Getting rid of European cinema’s elitist image
Mainstream audiences often consider European cinema to be elitist and therefore inaccessible for it is too often limited to auteur films, whose favourite genre is still, depressingly, the social drama. Is this a reality or a generalisation based on films that have left their mark on these viewers?
The Brussels Film Festival rightly aims to show the diversity of European cinema, which is not unique, even if it is distinctive. For European cinema turns out to be well and truly multifaceted in its forms and genres. There are social dramas of course, but also gripping thrillers, offbeat and hilarious comedies, biopics, historical films, etc. All areas fertile for creativity are explored and exploited, in every imaginable way. A Spanish director or writer’s approach will indeed be very different from that of a Swede or a Hungarian. We should therefore continue to encourage and reveal this richness. Everything lies in this diversity and the artists’ individual approach.
The Brussels Film Festival is presented to film and audiovisual professionals as a platform for meetings that encourage collaborations, project developments and inspire creative ideas. Since 2010, the festival has been organising activities aimed in particular at professionals in the sector. This year, no fewer than six workshops and master-classes are lined up.
We didn’t want to impose the topics for these meetings, but to ensure they are interesting and above all useful, we’ve welcomed and developed initiatives suggested by professionals. These include the meeting on music and cinema, the debate on digital and the master-classes highlighting the work of screenwriters, with Laurence Coriat (Michael Winterbottom’s Wonderland) and Jean-François Halin (Michel Hazanavicious’s OSS 117) in attendance.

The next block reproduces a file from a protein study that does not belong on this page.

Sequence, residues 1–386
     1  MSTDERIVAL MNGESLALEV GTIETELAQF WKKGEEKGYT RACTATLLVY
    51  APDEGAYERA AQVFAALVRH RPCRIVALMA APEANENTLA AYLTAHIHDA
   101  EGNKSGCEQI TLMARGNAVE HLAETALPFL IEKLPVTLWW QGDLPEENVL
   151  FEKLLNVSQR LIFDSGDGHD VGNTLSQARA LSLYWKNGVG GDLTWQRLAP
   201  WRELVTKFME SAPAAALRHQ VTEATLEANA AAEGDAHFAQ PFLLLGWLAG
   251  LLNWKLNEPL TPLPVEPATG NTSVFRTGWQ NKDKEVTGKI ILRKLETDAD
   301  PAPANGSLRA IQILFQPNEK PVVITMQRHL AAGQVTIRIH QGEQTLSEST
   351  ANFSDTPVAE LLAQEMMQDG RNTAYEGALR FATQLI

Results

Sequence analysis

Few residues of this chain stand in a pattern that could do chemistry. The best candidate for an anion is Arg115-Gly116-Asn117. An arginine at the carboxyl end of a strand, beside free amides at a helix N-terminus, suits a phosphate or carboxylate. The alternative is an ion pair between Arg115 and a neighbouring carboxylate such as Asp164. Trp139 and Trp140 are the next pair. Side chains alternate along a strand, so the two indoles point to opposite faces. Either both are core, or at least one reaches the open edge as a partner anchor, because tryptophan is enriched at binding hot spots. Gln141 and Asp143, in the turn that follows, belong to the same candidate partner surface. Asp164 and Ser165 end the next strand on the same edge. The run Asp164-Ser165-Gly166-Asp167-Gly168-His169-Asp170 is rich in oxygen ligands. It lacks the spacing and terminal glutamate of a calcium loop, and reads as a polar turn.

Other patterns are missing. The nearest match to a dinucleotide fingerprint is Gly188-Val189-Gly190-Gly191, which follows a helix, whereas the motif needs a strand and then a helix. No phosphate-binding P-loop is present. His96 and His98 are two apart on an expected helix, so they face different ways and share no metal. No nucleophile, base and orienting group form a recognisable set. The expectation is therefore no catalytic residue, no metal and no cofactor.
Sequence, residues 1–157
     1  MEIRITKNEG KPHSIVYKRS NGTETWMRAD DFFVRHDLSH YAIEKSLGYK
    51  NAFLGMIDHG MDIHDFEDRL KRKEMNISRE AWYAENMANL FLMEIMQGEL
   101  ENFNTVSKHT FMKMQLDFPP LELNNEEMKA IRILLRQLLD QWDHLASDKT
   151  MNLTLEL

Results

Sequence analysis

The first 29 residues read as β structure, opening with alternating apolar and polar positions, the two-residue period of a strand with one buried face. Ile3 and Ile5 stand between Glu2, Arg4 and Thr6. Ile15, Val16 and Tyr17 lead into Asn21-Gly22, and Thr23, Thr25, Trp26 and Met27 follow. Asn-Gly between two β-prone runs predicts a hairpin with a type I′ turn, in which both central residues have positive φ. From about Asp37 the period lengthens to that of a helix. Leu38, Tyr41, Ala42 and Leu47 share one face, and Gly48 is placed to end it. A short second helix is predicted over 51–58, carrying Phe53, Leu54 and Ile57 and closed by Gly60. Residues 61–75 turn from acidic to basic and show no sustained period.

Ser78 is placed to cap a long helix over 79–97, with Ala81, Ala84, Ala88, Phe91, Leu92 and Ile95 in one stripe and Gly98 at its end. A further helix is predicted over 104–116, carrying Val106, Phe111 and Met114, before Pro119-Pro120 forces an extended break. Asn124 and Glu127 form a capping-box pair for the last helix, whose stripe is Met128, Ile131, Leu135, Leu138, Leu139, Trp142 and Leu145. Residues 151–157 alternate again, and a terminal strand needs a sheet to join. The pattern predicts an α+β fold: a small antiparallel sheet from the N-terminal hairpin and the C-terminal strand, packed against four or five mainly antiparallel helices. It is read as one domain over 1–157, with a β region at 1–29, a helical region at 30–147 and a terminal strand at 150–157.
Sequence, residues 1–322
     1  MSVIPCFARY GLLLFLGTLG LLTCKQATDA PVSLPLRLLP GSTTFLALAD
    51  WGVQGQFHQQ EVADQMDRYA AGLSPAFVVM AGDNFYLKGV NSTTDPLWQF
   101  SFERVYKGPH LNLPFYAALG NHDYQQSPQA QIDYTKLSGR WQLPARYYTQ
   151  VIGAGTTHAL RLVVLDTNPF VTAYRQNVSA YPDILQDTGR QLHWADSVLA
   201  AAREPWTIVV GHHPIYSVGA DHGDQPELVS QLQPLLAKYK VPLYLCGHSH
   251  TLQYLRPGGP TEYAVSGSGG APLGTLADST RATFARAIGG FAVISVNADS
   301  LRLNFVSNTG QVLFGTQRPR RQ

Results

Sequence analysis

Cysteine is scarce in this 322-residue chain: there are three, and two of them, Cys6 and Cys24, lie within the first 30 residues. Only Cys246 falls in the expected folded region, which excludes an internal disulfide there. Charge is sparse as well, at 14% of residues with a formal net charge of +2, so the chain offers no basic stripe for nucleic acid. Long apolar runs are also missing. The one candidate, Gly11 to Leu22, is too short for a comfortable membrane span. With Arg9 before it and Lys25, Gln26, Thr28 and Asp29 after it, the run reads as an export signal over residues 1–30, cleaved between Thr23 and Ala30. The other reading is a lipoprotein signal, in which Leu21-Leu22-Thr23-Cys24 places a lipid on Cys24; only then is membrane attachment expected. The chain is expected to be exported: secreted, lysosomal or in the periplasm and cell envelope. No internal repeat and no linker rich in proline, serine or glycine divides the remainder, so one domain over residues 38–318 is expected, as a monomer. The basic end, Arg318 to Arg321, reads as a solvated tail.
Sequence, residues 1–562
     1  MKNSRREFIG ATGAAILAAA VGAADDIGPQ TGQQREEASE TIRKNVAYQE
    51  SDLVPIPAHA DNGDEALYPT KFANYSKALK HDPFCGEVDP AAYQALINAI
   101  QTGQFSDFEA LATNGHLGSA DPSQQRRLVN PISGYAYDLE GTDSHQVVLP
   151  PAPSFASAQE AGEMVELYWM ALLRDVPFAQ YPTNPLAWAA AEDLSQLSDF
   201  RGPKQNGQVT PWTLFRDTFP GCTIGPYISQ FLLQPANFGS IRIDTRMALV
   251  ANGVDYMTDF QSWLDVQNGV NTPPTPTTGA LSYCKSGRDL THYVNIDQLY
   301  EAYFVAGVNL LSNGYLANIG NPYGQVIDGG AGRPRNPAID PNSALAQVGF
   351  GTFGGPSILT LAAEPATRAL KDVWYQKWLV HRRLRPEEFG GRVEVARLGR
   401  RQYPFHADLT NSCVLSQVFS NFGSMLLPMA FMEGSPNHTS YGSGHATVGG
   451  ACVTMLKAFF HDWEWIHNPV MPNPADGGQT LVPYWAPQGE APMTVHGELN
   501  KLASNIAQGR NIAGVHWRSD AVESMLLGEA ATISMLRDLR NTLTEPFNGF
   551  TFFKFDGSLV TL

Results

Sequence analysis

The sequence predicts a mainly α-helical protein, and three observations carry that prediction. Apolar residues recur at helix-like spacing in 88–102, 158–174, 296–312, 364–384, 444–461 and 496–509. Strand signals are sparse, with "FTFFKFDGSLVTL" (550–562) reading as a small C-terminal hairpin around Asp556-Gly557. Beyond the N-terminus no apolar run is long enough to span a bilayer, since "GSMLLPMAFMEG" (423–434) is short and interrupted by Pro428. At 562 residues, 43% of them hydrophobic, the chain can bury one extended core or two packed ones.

Musicians and filmmakers may not know each other, but end up needing to work together, so why not foster this collaboration? As for digital, this technology has really taken off in a very short space of time and the legislative and technical framework hasn’t kept up. We’ll try to get a clearer grasp of this in a debate. These questions affect all European artists. We’re situated in the capital of Europe, we therefore think it’s time that professionals had a festival worthy of this name here and we’re passionate about rising to this challenge.
Finally, while European cinema will be at the heart of the festival’s programme and debates, Belgium and its films will also be in the spotlight with several screenings, including the avant-premiere of Pierre Duculot’s film Au Cul du Loup [+see also:
interview: Pierre Duculot
film profile], and also at a debate with Frédéric Sojcher, who directed Hitler In Hollywood [+see also:
film profile]. For one of the paradoxes of Belgian Francophone productions is that they sweep up many awards at international festivals but have great difficulty in attracting theatrical audiences at home, whence the creation of the Magritte Awards (whose results still need to be seriously analysed) and the importance of initiatives that aim to show these films (festivals, arthouse theatres, retrospectives, cinema lessons...).
In the north of the country, the situation seems to be different, for over 2m viewers flocked to see Flemish films. On the other hand, they are only just starting to gain international recognition. Does this two-speed Belgian film industry illustrate European production as a whole?
(Ivan Corbisier, directeur du Brussels Film Festival)
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